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BlogsPublications | December 13, 2016
1 minute read

MSC grants MOAA on whether the Court of Claims has subject matter jurisdiction over decisions by the Michigan Film Office

In the consolidated case of Teddy 23, LLC v Michigan Film Office, No. 153420, the Michigan Supreme Court granted mini-oral argument to address whether the Revenue Act confers subject matter jurisdiction on the Court of Claims for decisions issued by the Michigan Film Office.  After the Michigan Film Office denied Teddy 23’s request for a postproduction certificate of completion because the Department of Treasury concluded that Teddy 23 had misstated its expenditures, Teddy 23 filed an action in the Court of Claims against the Michigan Film Office and the Department of Treasury.  The Court of Claims dismissed the case for lack of subject matter jurisdiction.  The Court of Appeals affirmed, holding that the Revenue Act confers subject matter jurisdiction on the Court of Claims for decisions issued by the Department of Treasury, but not the Michigan Film Office.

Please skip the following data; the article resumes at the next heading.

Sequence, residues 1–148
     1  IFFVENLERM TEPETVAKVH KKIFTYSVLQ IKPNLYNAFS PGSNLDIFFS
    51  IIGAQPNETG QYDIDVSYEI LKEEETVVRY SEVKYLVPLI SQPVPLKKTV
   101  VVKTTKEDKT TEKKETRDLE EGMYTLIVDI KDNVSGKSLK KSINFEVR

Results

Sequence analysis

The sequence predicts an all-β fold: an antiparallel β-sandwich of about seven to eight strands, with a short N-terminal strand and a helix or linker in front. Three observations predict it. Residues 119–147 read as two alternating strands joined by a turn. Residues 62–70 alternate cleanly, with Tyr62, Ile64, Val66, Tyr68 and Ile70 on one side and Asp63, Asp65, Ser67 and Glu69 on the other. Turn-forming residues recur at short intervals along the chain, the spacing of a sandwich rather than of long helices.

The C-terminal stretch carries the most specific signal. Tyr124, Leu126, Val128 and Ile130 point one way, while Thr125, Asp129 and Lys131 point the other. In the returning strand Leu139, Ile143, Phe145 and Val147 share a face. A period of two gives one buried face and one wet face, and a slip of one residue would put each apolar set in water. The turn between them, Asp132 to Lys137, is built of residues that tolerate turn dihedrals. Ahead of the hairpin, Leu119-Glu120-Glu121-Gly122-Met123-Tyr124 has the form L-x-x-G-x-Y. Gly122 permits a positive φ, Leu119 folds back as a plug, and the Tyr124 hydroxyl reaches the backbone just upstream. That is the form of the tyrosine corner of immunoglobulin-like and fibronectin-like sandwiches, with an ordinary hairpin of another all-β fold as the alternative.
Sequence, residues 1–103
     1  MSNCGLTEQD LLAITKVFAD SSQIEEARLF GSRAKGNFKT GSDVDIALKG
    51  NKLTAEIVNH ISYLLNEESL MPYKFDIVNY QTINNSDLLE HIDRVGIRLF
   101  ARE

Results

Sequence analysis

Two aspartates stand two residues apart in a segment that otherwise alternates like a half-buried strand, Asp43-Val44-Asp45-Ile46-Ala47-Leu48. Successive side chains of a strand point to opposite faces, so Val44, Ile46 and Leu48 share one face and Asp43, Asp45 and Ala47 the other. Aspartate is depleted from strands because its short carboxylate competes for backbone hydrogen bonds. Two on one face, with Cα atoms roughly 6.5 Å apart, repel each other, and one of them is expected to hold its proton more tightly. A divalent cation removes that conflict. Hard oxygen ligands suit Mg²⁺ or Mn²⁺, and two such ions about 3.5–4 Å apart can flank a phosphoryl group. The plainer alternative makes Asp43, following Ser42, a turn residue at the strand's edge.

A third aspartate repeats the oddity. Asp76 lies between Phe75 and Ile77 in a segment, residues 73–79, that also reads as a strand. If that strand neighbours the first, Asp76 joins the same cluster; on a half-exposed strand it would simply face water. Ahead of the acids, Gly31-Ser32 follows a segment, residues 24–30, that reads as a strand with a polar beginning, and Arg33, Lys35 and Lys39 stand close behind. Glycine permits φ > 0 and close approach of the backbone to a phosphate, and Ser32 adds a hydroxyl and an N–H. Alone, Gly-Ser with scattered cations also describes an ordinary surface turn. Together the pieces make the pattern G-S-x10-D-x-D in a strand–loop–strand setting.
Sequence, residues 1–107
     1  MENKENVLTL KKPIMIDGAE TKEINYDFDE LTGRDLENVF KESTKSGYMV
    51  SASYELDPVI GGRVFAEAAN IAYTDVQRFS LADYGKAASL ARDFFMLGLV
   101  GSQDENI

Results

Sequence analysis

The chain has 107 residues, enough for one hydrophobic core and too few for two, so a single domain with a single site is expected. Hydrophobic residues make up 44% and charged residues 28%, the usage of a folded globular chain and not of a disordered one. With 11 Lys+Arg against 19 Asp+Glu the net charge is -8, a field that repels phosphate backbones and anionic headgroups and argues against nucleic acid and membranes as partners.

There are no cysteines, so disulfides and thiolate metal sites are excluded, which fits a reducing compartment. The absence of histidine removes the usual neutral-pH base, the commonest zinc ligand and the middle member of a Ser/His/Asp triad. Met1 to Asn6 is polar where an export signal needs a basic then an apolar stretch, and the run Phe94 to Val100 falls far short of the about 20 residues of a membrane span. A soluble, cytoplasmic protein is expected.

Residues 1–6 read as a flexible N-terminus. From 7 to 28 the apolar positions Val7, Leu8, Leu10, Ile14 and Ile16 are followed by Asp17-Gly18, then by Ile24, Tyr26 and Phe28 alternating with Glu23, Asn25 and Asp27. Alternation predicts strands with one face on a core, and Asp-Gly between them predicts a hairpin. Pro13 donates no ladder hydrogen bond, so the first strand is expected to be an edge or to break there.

Specifically, the Michigan Supreme Court granted mini-oral argument on the questions of whether (1) the Court of Claims had jurisdiction over Teddy 23’s claim; and (2) the denial of the postproduction certificate of completion was a “decision . . . of [a] state board, commission, or agency, authorized under the laws of this state to promulgate rules from which an appeal or other judicial review has not otherwise been provided for by law.”

To view our previous blog post about the Court of Appeals’ opinion, click here.